It seems almost farcical that the 2016 presidential campaign has become a referendum on misogyny at a moment when the United States is poised to elect its first woman president.
Not that this is surprising, exactly.
There’s a long tradition of politics clashing spectacularly with perceived gender norms around election time, and the stakes often seem highest when women are about to make history.
Today’s political dialogue—which often merely consists of opposing sides shouting over one another—echoes another contentious era in American politics, when women fought for the right to vote. Then and now, a mix of political tension and new-fangled publishing technology produced an environment ripe for creating and distributing political imagery. The meme-ification of women’s roles in society—in civic life and at home—has been central to an advocacy tradition that far precedes slogans like, “Life’s a bitch, don’t elect one,” or “A woman’s place is in the White House.”
Today’s memes can be found on T-shirts and bumper stickers, yes, but they’re mostly online—published and shared on platforms like Tumblr and Imgur and Twitter. A century ago, political memes were distributed primarily on postcards, via pamphlets, and in newspapers—with suffragettes as a favorite subject of either mockery or admiration, depending on the illustrator’s beliefs.
Much of the imagery that circulated in the early 20th century made fun of suffragists, even in illustrations that weren’t explicitly anti-suffrage. Mainstream humor at the time relied heavily on gender-based tropes and stereotypes, and political humor was no exception.“It made no difference that the bulk of this material was not intentionally anti-suffrage,” wrote Lisa Tickner in her 1988 book, The Spectacle of Women: Imagery of the Suffrage Campaign 1907-14, “It represented an enormous mass of material, and some very deep-seated prejudice.”
One common theme was the subversion of male and female roles in society—with men often depicted holding crying babies or doing housework, and women portrayed as ultra masculine and detached from home life.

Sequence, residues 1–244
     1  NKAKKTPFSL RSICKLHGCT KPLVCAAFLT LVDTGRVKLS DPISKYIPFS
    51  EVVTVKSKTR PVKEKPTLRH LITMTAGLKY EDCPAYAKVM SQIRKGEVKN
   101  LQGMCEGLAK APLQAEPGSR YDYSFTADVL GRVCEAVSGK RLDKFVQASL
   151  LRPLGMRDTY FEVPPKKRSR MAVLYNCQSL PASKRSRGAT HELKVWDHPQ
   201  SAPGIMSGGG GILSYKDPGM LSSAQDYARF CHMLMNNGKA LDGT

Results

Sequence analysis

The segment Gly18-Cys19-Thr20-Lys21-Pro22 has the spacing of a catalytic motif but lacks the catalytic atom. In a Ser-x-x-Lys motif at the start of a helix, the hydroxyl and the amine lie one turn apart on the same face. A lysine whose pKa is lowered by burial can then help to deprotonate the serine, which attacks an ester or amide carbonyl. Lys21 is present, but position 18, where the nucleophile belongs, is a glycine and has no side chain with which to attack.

Artists who created works with the intention of promoting suffrage were organized and devoted to the cause, Tickner wrote, “but [their efforts] were very small against the accumulated weight of individual and institutional misogyny.”
Sounds familiar, no?
On top of all that, in a sub-genre of suffrage-era propaganda that’s downright internetty, there was even an obsession with cats. (This was likely because of the 1913 Cat-and-Mouse Act, a government strategy to discourage hunger strikes by imprisoned suffragettes in the United Kingdom, according to the historian of social movements Catherine Helen Palczewski.)
As Palczewski points out in an essay accompanying her web collection of suffrage postcards, it was common for people to display albums filled with postcards in their homes in the early 20th century. So it made sense that postcards both supporting and opposing the women’s vote were ubiquitous, especially between 1890 and 1915 in the United States. About 4,500 different suffrage-themed postcards were designed during that time, she wrote.
Congress ultimately ratified the 19th Amendment in 1920. But many women, particularly women of color, remained disenfranchised long after that. Early 20th-century suffrage memes were nearly exclusively concerned with white people. In reviewing hundreds of postcards, prints, and illustrations, the only portrayal I saw of a black woman was in a cartoon strip about a white husband struggling to manage housework after his wife had gone off to a suffrage meeting. The woman in the strip is a mammy caricature, only there to help the man with the laundry.
And though the aesthetic of early comics and other memes isn’t exactly contemporary, many of the formats used back in the day—like inspirational quotes overlaying imagery of revered figures—have lived on. You can find this kind of thing all over sites like Pinterest and Reddit today:
In 1941, George Orwell wrote an essay about the endurance of this art form, focusing in particular on the work of Donald McGill, a British illustrator known for his raunchy postcards. His observations remain salient today, and could easily apply to modern collections of political “shitposts.” (The epithet he uses is jarring to read in 2016, but such racist imagery is still being produced.)
They have an utter lowness of mental atmosphere which comes out not only in the nature of the jokes but, even more, in the grotesque, staring, blatant quality of the drawings. The designs, like those of a child, are full of heavy lines and empty spaces, and all the figures in them, every gesture and attitude, are deliberately ugly, the faces grinning and vacuous, the women monstrously parodied, with bottoms like Hottentots. Your second impression, however, is of indefinable familiarity. What do these things remind you of? What are they so like?
Comic postcards, Orwell concluded, were so familiar because they exploited tensions and ideas rooted deeply in Western European consciousness. Finding humor in punching down at women, the depictions of them as grotesque, sexual innuendo at their expense—all this stuff has deep cultural roots. “What you are really looking at,” he wrote, “is something as traditional as Greek tragedy.” Which, of course, brings us back to the 2016 election.
Outspoken and civically engaged women are still a target for humorists and activists, routinely cast as either larger-than-life saviors or power-thirsty demons destroying modern society. “To her critics, the modern woman was a symptom of the social decline she helped to precipitate,” Tickner wrote of the way suffragettes were perceived during the presidential campaign of 1908, “To her champions, she was not unwomanly, but womanly in a new and developing way.”
The only consensus, it seems, is that a woman’s political ambitions cannot be ignored.